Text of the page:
COVID-19 and global inequality in education

At the global peak of the COVID-19 pandemic, 1.5 billion children were affected by school closures across the globe. Of those 1.5 billion, 600 million had no internet access at home, and a further 230 million did not have access to a computer, according to the Teacher Task Force, an alliance of educators coordinated by UNESCO.

“These inequalities are a real threat to learning continuity at a time of unprecedented educational disruption,” said Stefania Giannini, UNESCO assistant director-general for education. In many places, including the United States and most of Europe, partial in-person education has resumed. However, this differs from city to city, state to state and country to country. Currently, just under 1 billion students still remain out of in-person school due to the pandemic.

This interactive map from the World Bank shows where school closures are still ongoing. 

A Glance Into Education Inequality

The pandemic has exposed educational inequities at both the macro and micro levels. Throughout Africa, a critical case study in education inequality, the statistics about online school access are particularly grim. Out of 450 million learners, just 19 million have been accessing some form of distance learning through television, radio, or Internet, according to the Center For Global Development. Africa is not homogenous, and within the continent there are wide disparities in access to distance learning.

In Kenya and South Africa, countries that have “established” education systems by World Bank classification, participation in distance learning has been significantly higher than in countries like Burundi, the Central African Republic and Eritrea, where Internet access is below 5%. Within these countries, the World Bank classifies these education systems are as “delayed.” Though many teachers have been distributing lesson materials via apps like WhatsApp and other mobile communication and social media platforms, nearly 56 million students across the globe live in areas that are not covered by mobile networks, with nearly half of those students concentrated in Sub-Saharan Africa, making access to distance learning nearly impossible.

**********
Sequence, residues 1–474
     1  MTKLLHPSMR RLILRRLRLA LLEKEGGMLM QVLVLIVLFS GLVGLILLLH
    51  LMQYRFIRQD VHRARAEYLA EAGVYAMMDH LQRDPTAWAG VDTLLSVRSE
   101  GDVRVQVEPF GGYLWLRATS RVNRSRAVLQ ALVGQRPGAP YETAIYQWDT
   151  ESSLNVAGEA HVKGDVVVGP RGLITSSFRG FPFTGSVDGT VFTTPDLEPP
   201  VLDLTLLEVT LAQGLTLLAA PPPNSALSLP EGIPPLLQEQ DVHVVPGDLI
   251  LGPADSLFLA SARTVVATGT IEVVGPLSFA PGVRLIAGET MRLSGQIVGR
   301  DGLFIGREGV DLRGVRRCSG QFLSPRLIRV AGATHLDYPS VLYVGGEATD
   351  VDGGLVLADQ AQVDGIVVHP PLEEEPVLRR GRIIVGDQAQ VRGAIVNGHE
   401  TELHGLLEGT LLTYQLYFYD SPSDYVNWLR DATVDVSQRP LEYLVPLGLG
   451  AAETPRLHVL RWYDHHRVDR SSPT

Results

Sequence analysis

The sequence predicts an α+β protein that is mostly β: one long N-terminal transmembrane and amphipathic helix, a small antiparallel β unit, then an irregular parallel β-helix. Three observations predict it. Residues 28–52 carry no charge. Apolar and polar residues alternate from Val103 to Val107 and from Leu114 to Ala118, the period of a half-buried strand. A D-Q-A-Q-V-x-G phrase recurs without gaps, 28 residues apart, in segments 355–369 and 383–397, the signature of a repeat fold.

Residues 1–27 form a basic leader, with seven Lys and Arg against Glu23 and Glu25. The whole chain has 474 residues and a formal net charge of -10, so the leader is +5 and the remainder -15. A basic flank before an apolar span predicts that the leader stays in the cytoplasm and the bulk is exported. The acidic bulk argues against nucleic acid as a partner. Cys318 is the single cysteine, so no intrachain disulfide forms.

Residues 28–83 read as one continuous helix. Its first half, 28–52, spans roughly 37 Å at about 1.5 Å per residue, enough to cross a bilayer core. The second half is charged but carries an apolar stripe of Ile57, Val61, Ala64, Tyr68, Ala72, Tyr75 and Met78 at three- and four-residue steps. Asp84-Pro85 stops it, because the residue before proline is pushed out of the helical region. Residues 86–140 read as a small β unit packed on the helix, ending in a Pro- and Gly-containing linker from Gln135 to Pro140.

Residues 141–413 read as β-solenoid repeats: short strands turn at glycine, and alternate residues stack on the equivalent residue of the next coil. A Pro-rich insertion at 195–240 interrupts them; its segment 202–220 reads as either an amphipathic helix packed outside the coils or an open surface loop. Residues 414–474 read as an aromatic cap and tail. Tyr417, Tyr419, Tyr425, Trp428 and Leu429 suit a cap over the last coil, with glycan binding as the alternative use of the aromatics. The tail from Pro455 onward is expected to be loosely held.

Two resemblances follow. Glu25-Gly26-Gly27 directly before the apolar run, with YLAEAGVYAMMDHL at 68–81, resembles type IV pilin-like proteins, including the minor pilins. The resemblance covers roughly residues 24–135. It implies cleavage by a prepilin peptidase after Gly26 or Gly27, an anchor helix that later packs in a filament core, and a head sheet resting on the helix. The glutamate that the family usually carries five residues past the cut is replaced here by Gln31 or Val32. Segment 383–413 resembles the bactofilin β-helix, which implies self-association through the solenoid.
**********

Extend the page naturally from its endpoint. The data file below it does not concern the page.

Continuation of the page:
In Europe, students of lower socioeconomic backgrounds faced similar challenges. According to a United Nations report, European students of low socioeconomic status were half as likely as their affluent peers to have internet access. In low-income European countries, “less than 10 percent of the poorest households have electricity.” These students are particularly affected by the global shift to online learning amid the pandemic.

In Brazil, 74% of students are currently participating in distance learning, but that figure falls to 52% for the poorer Amazonian region in Brazil’s north, according to a survey by Datafolha. Ultimately, these studies show that access to distance learning is strongly correlated with socioeconomic status, rather than nation of origin. For developing regions and populations of lower socioeconomic status, distance learning has been disproportionately inaccessible.